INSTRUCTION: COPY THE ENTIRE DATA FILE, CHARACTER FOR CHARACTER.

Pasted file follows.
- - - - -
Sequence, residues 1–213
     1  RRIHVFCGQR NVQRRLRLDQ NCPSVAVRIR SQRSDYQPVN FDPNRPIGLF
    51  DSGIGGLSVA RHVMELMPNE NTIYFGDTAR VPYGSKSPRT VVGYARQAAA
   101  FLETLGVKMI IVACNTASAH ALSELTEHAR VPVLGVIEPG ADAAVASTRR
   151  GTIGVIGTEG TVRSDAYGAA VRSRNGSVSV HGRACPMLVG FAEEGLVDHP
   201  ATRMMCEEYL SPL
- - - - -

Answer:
Sequence, residues 1–213
     1  RRIHVFCGQR NVQRRLRLDQ NCPSVAVRIR SQRSDYQPVN FDPNRPIGLF
    51  DSGIGGLSVA RHVMELMPNE NTIYFGDTAR VPYGSKSPRT VVGYARQAAA
   101  FLETLGVKMI IVACNTASAH ALSELTEHAR VPVLGVIEPG ADAAVASTRR
   151  GTIGVIGTEG TVRSDAYGAA VRSRNGSVSV HGRACPMLVG FAEEGLVDHP
   201  ATRMMCEEYL SPL